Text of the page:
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Elie Wiesel

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Night | Section 2 | Summary



Eliezer and his family are packed in a cattle car with other Jews from Sighet. Conditions are deplorable, and the inhibitions of some melt away given the cramped conditions and lack of privacy. Once they cross into Czechoslovakia, the prisoners' fears increase as they begin to recognize the gravity of their situation. The train stops and a German officer, along with a Hungarian lieutenant, enters and tells the people they must give up their possessions. They are also told if anyone goes missing, they'll all be shot.

Madame Schächter is on the transport with her 10-year-old son. Her husband and two older sons have been taken in the first transport, and she is shattered. As the journey continues, Madame Schächter starts screaming out, "Fire! I see a fire! I see a fire!" The others, who are already on edge, cannot take the screaming. They look out the window, see nothing, and tell her so. When Madame Schächter persists, they try to help her. She continues and ultimately, they gag her to keep her quiet. Later on when she breaks free and starts yelling, they beat her and gag her again.

The prisoners finally reach Auschwitz-Birkenau, a place they have never heard of before. The train is stopped, and two men are given permission to get water. When they return, they share news. This is their final destination: it's a work camp, conditions are good, and families are kept together. The news comforts the Jews, and they give thanks to God. Later, while still in the cattle car, Madame Schächter again starts yelling about fire and is again beaten and gagged. The others ask a German officer to take her to the infirmary, but he counsels patience. That night, the train moves slowly, and the Jews rush to the windows. They see barbed wires and "flames rising from a tall chimney into a black sky," and smell a wretched stench. The doors open at midnight, and they are abruptly taken out in Birkenau.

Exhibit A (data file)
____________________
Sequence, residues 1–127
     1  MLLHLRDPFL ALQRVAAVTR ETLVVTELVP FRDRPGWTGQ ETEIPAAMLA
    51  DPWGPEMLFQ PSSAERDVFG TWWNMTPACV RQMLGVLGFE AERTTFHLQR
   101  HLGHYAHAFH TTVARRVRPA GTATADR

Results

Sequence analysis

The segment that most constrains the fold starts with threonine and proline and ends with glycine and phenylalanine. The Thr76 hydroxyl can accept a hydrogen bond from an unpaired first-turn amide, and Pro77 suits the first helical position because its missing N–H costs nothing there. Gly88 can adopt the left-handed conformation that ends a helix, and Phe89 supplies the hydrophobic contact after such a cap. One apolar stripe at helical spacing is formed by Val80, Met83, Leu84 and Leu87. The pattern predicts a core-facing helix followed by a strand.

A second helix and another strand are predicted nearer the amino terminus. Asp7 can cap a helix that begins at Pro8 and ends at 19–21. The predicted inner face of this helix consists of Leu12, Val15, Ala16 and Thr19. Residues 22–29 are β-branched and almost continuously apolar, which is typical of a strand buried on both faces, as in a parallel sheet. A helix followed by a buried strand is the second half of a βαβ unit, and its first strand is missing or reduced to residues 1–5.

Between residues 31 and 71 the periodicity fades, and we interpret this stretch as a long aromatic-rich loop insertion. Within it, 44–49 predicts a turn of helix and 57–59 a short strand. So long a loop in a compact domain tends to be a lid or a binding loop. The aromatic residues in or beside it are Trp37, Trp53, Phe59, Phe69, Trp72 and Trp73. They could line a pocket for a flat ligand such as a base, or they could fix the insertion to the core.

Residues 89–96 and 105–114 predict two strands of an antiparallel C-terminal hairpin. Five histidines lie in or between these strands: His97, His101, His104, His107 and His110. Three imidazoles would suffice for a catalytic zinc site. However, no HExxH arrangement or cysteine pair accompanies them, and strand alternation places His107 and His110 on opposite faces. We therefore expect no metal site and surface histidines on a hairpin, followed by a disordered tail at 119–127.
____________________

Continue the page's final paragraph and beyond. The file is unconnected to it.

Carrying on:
Madame Schächter's delirious rants about fire foreshadow the crematorium. How she came to know about the crematorium, or if she actually did know, is unclear. Does her suffering the loss of her family open up her eyes to a reality that the others refuse to see? The Jews on the train view her as a madwoman, just as they viewed Moshe the Beadle when he tried to warn them about the horrors of the Holocaust. The truth is seen as insanity: people could not act in such a way. The Jews of Sighet do not yet know the rules have been changed by the Nazis.

On the cattle cars headed from Sighet to Auschwitz, the people are packed and uncomfortable. They feel tension, fear, and uncertainty. Their behavior is altered: "Freed of normal constraints, some ... let go of their inhibitions ... without any thought of others." While normally, others in society would try to rein people in, those around are too tense to do anything about normally unaccepted behavior. The treatment of Madame Schächter, who has lost her family and has become deranged, is also shocking. Filled with dread, the Jews lose their sense of decency.

Yet the Jews are desperate to not believe the truth. When they receive word that Auschwitz is a labor camp and conditions are good, they are relieved. In an example of dramatic irony, the only person who seems to have any sense of what is coming is Madame Schächter, a madwoman.

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